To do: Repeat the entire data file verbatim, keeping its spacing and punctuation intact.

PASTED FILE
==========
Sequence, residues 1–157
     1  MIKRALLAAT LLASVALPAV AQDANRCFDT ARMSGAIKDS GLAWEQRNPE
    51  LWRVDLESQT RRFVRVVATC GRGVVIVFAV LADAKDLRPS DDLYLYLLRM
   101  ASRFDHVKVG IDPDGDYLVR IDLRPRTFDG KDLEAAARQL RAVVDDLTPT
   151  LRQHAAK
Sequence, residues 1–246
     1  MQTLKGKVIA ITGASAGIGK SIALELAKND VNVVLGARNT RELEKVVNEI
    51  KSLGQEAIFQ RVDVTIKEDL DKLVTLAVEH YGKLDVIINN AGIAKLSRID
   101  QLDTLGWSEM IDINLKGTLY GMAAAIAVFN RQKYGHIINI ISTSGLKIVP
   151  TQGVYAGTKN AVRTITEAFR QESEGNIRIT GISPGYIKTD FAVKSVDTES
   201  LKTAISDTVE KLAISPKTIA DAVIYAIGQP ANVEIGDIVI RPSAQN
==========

Sequence, residues 1–157
     1  MIKRALLAAT LLASVALPAV AQDANRCFDT ARMSGAIKDS GLAWEQRNPE
    51  LWRVDLESQT RRFVRVVATC GRGVVIVFAV LADAKDLRPS DDLYLYLLRM
   101  ASRFDHVKVG IDPDGDYLVR IDLRPRTFDG KDLEAAARQL RAVVDDLTPT
   151  LRQHAAK
Sequence, residues 1–246
     1  MQTLKGKVIA ITGASAGIGK SIALELAKND VNVVLGARNT RELEKVVNEI
    51  KSLGQEAIFQ RVDVTIKEDL DKLVTLAVEH YGKLDVIINN AGIAKLSRID
   101  QLDTLGWSEM IDINLKGTLY GMAAAIAVFN RQKYGHIINI ISTSGLKIVP
   151  TQGVYAGTKN AVRTITEAFR QESEGNIRIT GISPGYIKTD FAVKSVDTES
   201  LKTAISDTVE KLAISPKTIA DAVIYAIGQP ANVEIGDIVI RPSAQN